The Cana­dian GP pre­view

Round 7 / 6-8 June / Cir­cuit Gilles-Vil­leneuve

F1 Racing - - FINISHING STRAIGHT - Pat Sy­monds,

A high-pres­sure, stop-start race where any hes­i­ta­tion can put a driver in the wall

The Cana­dian Grand Prix takes the For­mula 1 teams away from Europe once more af­ter only a cou­ple of races close to base. This time, they’re head­ing off to Mon­tréal on the East­ern side of Canada. Gone are the benets of be­ing within easy reach of the fac­tory, which have spoiled teams at the pre­vi­ous two races, mean­ing it is much harder to bring last-minute parts and xes to the track.

The cir­cuit at Mon­tréal is dom­i­nated by long straights and hard brak­ing events, which means its na­ture is very much stop-and-go. Good top speed is there­fore the key to suc­cess, as well as a good car un­der ac­cel­er­a­tion and trac­tion. This makes the race all about the en­gine and puts it un­der a fair amount of strain. The brakes are also placed un­der a lot of stress, and it’s im­por­tant to keep a close eye on both brake wear and tem­per­a­tures due to the num­ber and sever­ity of brak­ing zones at this track.

Al­though Mon­tréal’s cir­cuit was resur­faced only a few years ago, it re­mains very bumpy in parts and this can re­ally af­fect driv­ers un­der brak­ing. The en­try to the hair­pin at Turn 10 is one area where this is crit­i­cal, be­cause it forms one of the best ar­eas to ei­ther over­take, or to line up an over­tak­ing ma­noeu­vre for the fol­low­ing straight.

It is a tough cir­cuit for driv­ers; the am­ple over­tak­ing ar­eas mean that they can­not rest if there is a car close to them on track and they must be es­pe­cially care­ful about get­ting good ex­its onto the longer straights. The walls are very close to the track, and one in par­tic­u­lar, the Wall of Cham­pi­ons, has gath­ered more than its fair share of car­bon over the years. What’s more, to set a good lap, it’s nec­es­sary to re­ally ride the kerbs and be very good on the sharp changes of di­rec­tion, both of which are go­ing to push driv­ers closer to the lim­its of the their cars.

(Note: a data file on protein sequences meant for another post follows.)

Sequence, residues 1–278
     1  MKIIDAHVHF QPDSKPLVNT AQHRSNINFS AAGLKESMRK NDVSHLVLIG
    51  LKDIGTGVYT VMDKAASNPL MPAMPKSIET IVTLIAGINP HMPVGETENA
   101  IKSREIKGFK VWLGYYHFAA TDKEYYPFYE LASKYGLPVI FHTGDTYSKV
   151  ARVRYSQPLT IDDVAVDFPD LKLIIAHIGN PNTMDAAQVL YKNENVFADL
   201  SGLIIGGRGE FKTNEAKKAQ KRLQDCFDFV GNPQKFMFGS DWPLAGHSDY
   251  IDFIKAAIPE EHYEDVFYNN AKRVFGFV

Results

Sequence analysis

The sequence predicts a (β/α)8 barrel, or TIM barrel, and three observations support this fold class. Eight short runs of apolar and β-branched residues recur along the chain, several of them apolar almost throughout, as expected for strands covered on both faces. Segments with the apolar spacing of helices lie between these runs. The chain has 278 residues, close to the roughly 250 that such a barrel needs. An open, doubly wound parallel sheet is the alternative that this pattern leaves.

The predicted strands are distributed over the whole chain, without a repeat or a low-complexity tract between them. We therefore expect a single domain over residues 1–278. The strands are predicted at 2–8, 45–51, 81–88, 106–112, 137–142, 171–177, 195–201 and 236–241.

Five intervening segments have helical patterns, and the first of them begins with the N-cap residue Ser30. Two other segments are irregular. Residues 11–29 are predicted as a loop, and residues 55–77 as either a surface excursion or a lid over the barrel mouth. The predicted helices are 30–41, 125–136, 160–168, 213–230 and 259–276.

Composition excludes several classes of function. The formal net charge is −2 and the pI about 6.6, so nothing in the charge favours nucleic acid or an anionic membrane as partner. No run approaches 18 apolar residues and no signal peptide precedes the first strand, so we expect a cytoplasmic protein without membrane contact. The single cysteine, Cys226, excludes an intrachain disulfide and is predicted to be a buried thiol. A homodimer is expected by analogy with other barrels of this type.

De­spite the bumpi­ness, the Tar­mac it­self is very smooth here, and that ex­plains Pirelli’s de­ci­sion to bring the same tyres to Mon­tréal as they did to Monaco (the su­per­soft and soft com­pounds). Strate­gies will be very vari­able from team to team, and, with an al­most con­stant threat of a Safety Car de­ploy­ment, they can vary be­tween one-stop strate­gies and three-stop strate­gies – some­times in the same race.

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